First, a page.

Garden Apartments Outshine Taller Properties

Over the last few years, garden-style apartments have solidified their place as the best performing properties.

In these low-rise projects, defined as properties with three or fewer stories, rent growth stood at 3.6% in the year-ending 2nd quarter 2019, ahead of the 3.1% national average. Meanwhile, annual rent growth came in well below the U.S. norm in the taller mid-rise units (2%) and high-rise properties (1.8%).

Among the nation’s 50 largest apartment markets, the difference between low-rise rent growth and the market norm is, on average, 40 basis points (bps). Broadly speaking, garden apartments are more concentrated in suburbs where density is less of a driving factor for development. These properties have inherently seen less competition from new supply throughout this economic cycle, which began in 2010, as developers have pursued taller, more urban product to a greater degree.

Garden apartments are by far the most prolific as a percent of total stock – though the ratio by which garden apartments outnumber mid-rise and high-rise properties is waning as developers pursue denser development. Garden-style apartments have made up a shrinking share of new supply every year this cycle. Mid-rise units are now the most popular, but high-rises are gaining.

Similar to what was seen in rent growth, low-rise units are also outperforming in occupancy, and the delta between the type of buildings is widening. Since mid-2015, when low-rise properties became the fullest cohort of stock, the spread between low-rise, mid-rise and high-rise occupancy has only gotten wider. As of 2nd quarter 2019, low-rise properties were 96.1% full, ahead of the 95.9% national average. Occupancy rates were a bit lower at 95.3% for mid-rise and 95.1% for high-rise.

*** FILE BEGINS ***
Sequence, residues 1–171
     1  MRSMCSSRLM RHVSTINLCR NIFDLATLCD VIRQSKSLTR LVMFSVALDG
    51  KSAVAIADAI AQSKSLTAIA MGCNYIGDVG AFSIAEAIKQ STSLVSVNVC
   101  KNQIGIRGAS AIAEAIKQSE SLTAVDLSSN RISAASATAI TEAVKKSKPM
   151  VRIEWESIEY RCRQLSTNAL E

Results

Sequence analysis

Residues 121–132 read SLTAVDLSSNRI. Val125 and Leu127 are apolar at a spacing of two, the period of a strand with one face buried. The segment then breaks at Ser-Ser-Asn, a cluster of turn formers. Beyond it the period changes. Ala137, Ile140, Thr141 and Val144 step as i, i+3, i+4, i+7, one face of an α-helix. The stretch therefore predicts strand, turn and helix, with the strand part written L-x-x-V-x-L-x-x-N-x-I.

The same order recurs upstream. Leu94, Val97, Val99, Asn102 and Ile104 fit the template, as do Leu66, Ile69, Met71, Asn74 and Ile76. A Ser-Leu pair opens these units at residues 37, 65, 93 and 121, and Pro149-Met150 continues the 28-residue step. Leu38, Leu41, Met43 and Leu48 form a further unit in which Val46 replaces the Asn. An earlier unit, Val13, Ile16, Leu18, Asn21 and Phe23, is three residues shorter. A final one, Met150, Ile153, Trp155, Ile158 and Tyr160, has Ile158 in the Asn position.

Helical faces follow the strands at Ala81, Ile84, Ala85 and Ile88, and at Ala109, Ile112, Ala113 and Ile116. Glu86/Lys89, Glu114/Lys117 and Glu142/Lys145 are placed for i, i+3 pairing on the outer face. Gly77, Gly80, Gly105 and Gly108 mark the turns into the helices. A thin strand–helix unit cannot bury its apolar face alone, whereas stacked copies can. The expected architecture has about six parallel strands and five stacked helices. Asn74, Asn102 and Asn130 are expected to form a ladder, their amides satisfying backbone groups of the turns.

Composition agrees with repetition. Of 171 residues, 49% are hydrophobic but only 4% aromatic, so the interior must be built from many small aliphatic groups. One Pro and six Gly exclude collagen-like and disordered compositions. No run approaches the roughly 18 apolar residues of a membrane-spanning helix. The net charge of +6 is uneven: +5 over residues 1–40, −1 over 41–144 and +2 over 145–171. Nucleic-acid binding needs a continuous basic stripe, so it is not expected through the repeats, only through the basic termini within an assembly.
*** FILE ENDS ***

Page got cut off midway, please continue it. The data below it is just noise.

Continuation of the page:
The markets seeing the highest low-rise rent growth roughly corresponded with the list of rent growth leaders in 2nd quarter 2019. Las Vegas, Phoenix, Atlanta, Providence and Raleigh/Durham claimed the top five spots for low-rise rent growth in 2nd quarter 2019, and all claimed top 10 spots for overall rent growth. Markets seeing the steepest annual price gains in low-rise apartments also tended to be markets where job growth has been concentrated in lower-wage sectors, like the Leisure and Hospitality or Trade, Transportation and Utilities segments.

But this isn’t just a phenomenon happening in markets with the highest rent growth. Los Angeles, Pittsburgh, Seattle and Miami are all growing rents below the national norm, and yet the low-rise product in these four markets is seeing rent growth exceed the market average by more than 100 bps.

Markets with the highest concentration of low-rise properties tend to be western markets, such as Riverside, Sacramento and Las Vegas, or markets that have historically had strong suburban apartment performance, such as Greensboro/Winston-Salem and Fort Worth. Alternatively, the three most dense major markets in the country – New York, San Francisco and Washington, DC – have the lowest concentration of low-rise properties.